Writer: Mary Skrenes and Steve Gerber
Artist: Brian Hurtt, Lee Loughridge
Publisher: DC Comics
Oy. And it was doing so nicely too.
Faced with the abrupt and final cancellation of their series, Steve Gerber and Mary Skrenes had two choices: they could try and cram their entire projected narrative into what little space they had left, or they could think up a new resolution, offer what closure they could while giving up - out of necessity - whatever plot elements didn't fit.
Unfortunately, they went and picked Door Number One. The prize: 22 pages of cosmic incoherence that would give Grand Grant Morrison pause. See, this is the thing to remember about Hard Time: for seventeen issues, the predominant mode of the series was "prison drama", with occasional minor hints that there was something more going on. What Skrenes and Gerber do here is condense all the hints they would have spread over another ten or twelve issues, and turn it into an exposition infodump.
The problem, of course, is that this completely changes the atmosphere of the book - it's like watching Prison Break and suddenly switching to Star Trek. Last issue we had a hostage situation, prisoners conspiring against each other and Ethan caught in the crossfire; this issue we have Ethan standing in some "metaphysical museum" for pages and pages, getting updates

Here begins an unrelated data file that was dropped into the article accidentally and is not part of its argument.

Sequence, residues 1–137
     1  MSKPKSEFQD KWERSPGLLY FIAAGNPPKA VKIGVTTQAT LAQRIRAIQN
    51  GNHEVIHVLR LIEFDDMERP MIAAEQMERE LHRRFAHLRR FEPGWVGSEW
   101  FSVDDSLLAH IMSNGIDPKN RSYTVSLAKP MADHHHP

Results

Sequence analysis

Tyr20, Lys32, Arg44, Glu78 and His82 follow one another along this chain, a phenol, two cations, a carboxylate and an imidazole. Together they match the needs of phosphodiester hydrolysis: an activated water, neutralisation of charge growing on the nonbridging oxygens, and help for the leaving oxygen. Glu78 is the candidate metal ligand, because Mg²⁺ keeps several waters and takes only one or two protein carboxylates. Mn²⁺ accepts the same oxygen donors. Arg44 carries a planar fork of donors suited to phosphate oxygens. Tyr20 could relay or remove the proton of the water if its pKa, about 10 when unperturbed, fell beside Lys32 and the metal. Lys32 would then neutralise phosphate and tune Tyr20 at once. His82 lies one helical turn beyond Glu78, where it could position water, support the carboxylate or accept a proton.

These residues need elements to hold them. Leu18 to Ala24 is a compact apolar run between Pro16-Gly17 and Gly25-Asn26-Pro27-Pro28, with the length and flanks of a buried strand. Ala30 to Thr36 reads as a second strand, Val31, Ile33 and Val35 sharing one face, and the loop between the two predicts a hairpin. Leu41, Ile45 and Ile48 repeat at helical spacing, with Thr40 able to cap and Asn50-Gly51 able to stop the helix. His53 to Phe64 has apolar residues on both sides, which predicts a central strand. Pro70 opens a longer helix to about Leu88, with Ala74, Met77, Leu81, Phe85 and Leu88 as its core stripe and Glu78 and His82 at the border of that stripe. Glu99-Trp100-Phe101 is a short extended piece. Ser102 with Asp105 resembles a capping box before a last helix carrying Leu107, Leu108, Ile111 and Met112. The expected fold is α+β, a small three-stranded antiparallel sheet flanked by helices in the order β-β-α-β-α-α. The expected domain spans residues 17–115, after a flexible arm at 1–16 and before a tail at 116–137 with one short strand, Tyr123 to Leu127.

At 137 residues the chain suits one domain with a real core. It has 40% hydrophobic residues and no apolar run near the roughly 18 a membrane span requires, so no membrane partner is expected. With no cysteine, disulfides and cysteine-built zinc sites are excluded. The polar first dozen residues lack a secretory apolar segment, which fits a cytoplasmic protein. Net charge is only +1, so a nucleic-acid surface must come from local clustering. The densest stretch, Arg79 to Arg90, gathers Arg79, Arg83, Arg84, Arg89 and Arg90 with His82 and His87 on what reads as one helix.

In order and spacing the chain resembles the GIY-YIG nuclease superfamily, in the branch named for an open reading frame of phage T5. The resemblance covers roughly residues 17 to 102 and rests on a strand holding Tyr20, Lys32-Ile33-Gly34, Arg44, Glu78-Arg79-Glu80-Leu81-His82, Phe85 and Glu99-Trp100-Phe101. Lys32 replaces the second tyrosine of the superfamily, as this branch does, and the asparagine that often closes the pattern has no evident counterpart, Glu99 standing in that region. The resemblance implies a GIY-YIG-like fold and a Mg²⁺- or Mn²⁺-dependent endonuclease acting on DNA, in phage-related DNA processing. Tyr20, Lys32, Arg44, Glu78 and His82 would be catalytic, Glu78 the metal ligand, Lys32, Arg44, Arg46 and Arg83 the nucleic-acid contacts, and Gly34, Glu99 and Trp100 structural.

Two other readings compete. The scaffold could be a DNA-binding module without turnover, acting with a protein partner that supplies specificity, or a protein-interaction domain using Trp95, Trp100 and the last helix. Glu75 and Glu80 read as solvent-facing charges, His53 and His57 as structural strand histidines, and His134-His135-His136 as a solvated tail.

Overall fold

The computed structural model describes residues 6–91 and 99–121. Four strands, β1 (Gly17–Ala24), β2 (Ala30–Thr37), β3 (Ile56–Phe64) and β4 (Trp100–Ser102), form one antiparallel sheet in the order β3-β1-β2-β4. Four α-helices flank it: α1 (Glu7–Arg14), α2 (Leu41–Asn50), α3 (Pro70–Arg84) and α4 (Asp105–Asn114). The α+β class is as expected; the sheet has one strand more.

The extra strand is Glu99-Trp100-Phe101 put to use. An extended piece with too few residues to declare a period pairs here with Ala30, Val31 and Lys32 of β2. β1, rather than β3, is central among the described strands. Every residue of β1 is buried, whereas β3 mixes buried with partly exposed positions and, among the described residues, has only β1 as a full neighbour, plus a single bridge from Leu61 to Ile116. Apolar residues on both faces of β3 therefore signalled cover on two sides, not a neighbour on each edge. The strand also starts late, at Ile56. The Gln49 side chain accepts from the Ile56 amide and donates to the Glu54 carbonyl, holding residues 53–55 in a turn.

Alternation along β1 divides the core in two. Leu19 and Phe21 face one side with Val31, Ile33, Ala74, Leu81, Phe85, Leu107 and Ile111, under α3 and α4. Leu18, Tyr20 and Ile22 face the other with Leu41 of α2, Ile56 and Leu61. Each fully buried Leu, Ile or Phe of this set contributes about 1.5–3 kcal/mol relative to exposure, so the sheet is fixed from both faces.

on every single person who's ever touched his life. As if that's not enough, we already knew most of this stuff! We knew Sheila and Ethan's lawyer were getting back together, we knew Alyssa was having tea with crazy old ladies and invisible goddesses, etc. What possible reason could there be for a recap at this late stage? We're far past the hope of new readers arriving, and there are still some pretty big questions that haven't been answered: why did Ethan go along with the "prank" that got him sent to prison? There were hints a few months back that something unspeakable happened to his best friend, clearly foreshadowing a future revelation we'll never get to see. We also don't know how and why Ethan has supernatural powers, or what happened to the girl that could have corroborated his story. These are things we should be told before the story ends.
All in all, it's a rather catastrophic train wreck. I feel I should give it points simply because it's really not the writers' fault here - the bottom fell out from under them, and they did the best they could. Sadly, that doesn't change the end result: a perfectly good series ruined by external circumstances (in this case, incompetent marketing).
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